Tuesday, November 9, 2010

Excursion to Brussels

For my first European trip outside Paris, I decided to go to Brussels during the weekend of Toussaint. (In France, everyone gets at least All Saints' Day off, if not an additional week and a half for students who are high-school age or younger). As I only spent a little less than three days there, I took the time to do a lot of planning in advance in order to visit as many museums, taste as much food, and see as many sights as possible.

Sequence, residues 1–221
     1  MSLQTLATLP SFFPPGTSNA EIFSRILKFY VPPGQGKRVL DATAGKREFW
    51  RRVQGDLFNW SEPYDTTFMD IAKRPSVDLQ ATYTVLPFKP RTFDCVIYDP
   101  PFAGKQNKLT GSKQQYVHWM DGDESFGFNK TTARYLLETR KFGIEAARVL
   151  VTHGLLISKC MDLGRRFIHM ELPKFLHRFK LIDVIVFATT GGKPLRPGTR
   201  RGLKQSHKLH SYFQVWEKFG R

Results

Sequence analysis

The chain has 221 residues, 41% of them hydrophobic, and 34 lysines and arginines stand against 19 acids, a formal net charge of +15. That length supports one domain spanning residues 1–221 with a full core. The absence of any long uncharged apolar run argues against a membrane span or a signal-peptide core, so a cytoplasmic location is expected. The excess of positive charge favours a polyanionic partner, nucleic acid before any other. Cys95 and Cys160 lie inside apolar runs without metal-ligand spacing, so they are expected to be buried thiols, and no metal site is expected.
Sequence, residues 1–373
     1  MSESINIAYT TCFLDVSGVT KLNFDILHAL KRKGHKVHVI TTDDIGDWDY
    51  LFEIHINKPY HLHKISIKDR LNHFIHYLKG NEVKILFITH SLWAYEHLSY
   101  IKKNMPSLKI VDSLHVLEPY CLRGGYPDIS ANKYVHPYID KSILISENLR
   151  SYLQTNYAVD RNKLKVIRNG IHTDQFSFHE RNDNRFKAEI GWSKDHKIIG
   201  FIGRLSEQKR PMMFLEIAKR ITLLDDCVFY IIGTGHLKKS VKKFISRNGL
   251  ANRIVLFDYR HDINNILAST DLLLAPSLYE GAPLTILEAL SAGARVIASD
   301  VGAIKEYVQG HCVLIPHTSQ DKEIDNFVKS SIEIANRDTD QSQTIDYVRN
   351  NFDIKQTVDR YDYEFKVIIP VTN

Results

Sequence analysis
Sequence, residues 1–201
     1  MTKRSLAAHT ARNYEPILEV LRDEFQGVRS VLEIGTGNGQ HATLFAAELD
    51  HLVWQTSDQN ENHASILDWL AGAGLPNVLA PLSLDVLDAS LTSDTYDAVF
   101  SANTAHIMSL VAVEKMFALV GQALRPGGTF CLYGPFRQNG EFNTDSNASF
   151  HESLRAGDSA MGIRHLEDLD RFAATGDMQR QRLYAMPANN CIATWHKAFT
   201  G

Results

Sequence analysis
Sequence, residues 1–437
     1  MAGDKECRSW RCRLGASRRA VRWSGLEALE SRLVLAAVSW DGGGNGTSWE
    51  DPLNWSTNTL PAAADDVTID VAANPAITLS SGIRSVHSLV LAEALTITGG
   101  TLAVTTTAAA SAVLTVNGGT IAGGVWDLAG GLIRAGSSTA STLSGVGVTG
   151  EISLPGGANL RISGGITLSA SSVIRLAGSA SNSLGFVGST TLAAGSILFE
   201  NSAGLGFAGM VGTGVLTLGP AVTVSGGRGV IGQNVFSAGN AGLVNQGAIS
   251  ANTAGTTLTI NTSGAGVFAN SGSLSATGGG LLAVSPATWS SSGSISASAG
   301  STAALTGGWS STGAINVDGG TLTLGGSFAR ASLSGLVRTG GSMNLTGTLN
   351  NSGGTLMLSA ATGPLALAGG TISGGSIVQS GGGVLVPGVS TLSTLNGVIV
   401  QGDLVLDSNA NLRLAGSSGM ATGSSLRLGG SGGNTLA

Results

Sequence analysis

One of the first things I noticed in Brussels was how very different it was from Paris. After exiting the train station, one can see a gorgeous cathedral built in the Middle Ages, a window-covered modern office building, and a 1920s art nouveau structure, all within a couple blocks of each other! Haussmann definitely never made the trip to Brussels... The city certainly has its charm, though, and I benefited from its small size by taking several walks around the city to see the many cathedrals, parks, and public buildings. The St. Michael and St. Gudula Cathedral was perhaps my favorite church, with its soaring spires and impressive "pulpit" (forgive my lack of Catholic terminology), though I was also impressed by the sheer size of the Basilica of the Sacred Heart, which was built in the early twentieth century.